On February 5, 2019 the Virginia Senate and House of Delegates each passed bills prohibiting motorists from touching their cellphones while driving. The Senate approved the bill SB 1341 on a vote of 34-6, and the House passed HB 1811, 69-27.
Currently, Virginia state law prohibits texting or writing an email while driving—$125 on the first offense and $250 on the second. However, police agencies said it was difficult to enforce. Under the new law, simply holding a phone in your hand while driving would be outlawed. Previously, it was legal for drivers to play “Pokemon Go” or use social media apps such as “Snapchat” while driving, despite the dangers of distracted driving. Read more about that topic here.
With this new law, drivers would still be able to operate their phones if they are lawfully parked or stopped or are reporting an emergency. They would also be allowed to talk on speaker while placing their phones elsewhere in the vehicle.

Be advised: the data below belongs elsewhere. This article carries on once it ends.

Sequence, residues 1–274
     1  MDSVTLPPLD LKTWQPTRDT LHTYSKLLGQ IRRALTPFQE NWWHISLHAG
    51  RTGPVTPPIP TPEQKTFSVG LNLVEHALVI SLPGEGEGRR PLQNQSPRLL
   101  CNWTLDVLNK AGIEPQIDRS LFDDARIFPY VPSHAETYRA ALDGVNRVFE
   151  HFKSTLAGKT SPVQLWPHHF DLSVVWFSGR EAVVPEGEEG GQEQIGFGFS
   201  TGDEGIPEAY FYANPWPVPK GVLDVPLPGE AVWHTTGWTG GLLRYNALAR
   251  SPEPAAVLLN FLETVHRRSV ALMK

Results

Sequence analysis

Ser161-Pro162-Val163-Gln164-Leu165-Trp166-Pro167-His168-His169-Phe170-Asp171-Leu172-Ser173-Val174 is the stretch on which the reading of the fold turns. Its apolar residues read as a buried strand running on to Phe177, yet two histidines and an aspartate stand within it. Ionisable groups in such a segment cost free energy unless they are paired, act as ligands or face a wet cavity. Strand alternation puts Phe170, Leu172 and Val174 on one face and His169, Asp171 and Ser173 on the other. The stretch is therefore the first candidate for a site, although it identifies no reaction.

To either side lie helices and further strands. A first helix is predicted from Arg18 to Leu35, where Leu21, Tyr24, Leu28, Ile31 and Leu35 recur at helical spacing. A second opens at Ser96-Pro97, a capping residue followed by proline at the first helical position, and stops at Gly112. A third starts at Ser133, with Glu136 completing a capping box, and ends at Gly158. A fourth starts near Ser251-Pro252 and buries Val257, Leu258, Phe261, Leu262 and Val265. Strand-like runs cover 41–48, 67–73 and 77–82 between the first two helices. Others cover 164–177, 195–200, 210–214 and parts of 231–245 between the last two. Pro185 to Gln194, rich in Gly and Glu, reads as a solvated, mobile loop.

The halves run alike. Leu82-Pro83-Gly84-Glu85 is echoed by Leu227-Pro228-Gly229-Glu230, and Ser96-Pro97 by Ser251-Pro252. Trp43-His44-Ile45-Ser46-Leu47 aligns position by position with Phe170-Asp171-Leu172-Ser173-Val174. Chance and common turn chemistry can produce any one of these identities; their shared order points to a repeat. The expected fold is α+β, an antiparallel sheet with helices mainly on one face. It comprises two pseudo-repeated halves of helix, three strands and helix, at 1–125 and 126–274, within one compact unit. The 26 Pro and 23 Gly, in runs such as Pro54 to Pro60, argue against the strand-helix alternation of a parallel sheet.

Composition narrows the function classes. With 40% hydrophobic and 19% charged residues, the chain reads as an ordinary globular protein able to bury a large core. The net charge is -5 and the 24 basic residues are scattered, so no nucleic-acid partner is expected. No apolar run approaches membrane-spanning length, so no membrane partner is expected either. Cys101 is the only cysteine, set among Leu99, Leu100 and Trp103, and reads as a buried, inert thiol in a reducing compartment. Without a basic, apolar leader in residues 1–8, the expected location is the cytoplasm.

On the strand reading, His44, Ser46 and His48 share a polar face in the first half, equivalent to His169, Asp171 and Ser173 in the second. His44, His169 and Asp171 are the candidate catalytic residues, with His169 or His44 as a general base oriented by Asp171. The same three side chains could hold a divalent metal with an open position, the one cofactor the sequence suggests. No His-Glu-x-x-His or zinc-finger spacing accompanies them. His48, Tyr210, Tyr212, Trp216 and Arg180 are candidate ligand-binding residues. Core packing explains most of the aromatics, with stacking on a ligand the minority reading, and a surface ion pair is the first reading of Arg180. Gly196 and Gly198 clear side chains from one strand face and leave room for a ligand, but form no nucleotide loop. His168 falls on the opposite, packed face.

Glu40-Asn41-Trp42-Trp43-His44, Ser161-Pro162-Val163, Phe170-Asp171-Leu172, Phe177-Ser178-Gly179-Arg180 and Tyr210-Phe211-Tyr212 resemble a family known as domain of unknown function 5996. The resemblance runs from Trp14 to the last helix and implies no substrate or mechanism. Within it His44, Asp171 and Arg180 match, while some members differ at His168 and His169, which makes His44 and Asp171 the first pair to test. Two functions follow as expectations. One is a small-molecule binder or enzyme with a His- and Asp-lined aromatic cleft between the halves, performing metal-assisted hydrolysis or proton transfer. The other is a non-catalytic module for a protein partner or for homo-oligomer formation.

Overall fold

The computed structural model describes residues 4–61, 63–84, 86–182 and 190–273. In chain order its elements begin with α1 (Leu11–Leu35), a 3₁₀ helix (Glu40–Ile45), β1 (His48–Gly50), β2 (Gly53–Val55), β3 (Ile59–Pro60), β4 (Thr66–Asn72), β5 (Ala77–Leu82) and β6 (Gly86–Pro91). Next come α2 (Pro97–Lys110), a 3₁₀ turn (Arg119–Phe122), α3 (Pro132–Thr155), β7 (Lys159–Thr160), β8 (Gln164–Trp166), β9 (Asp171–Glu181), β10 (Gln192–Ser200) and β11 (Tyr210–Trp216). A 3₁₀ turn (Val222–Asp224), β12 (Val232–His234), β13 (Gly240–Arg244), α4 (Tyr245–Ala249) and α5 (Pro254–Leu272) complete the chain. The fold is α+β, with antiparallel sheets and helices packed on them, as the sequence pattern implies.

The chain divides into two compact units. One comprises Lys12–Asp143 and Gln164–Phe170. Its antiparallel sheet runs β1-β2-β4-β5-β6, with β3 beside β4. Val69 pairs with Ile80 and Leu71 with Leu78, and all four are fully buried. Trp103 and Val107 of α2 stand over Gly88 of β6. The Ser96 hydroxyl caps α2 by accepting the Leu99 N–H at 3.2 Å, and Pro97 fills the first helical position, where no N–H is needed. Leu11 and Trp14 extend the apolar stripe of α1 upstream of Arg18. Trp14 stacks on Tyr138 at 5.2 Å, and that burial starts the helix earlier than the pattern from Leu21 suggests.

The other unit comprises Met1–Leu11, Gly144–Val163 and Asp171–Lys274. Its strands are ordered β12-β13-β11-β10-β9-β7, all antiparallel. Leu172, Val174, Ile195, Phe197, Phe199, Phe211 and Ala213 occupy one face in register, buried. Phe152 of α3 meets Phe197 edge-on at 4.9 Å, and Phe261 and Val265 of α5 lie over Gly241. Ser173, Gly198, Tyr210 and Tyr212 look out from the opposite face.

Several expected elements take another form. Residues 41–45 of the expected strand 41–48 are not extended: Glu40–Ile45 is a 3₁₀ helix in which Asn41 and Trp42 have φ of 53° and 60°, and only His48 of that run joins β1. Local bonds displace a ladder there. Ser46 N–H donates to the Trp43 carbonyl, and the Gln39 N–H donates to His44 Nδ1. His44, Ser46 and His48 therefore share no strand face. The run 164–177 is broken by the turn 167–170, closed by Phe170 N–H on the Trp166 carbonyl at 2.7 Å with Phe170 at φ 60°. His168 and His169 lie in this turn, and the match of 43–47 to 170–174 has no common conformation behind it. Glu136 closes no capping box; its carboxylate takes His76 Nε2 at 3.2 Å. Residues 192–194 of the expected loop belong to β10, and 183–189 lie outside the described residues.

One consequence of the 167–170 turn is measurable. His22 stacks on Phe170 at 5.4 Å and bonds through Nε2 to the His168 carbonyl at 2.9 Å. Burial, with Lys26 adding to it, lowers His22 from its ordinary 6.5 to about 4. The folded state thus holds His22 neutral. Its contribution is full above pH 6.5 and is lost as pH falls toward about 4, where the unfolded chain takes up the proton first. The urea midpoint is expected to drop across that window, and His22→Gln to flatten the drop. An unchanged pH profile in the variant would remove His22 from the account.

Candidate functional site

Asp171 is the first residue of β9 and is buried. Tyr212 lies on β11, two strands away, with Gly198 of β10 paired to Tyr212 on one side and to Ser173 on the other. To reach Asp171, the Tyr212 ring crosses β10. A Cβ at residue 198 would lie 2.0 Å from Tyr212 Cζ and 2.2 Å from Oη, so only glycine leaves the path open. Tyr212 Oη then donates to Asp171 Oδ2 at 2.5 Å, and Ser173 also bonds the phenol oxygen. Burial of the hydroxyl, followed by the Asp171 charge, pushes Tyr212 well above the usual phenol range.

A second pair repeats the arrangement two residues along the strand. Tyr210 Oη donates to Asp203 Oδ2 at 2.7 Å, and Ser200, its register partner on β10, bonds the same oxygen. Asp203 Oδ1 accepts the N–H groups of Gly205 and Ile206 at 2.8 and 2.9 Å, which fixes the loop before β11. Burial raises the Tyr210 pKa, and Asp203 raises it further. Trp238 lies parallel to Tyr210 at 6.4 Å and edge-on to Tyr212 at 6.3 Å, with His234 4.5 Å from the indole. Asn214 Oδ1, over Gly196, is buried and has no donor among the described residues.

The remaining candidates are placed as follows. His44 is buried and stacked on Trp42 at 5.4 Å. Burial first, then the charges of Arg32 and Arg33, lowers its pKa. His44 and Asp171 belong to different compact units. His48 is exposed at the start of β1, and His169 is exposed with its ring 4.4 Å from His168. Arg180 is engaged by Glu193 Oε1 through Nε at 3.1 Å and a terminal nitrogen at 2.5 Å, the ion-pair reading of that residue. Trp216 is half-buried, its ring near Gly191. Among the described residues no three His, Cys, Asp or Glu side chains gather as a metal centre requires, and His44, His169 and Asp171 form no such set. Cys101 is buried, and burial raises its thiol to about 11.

According to the Virginia DMV, Virginia saw a 10.8 percent increase in traffic fatalities in 2017, and traffic deaths have increased every year since 2013. We hope that these new laws can decrease the number of accidents and injuries.
Although the House and Senate bills are identical, the House must pass the Senate bill, or the Senate must pass the House bill, and then the governor must sign the legislation for it to go into effect. Once the governor signs the bill, it will become law in January 2020.
If you or someone you know has been injured in an accident due to distracted driving and you have questions as to what laws apply, please give us a call (703-796-9555) or email us at Abrams Landau, Ltd.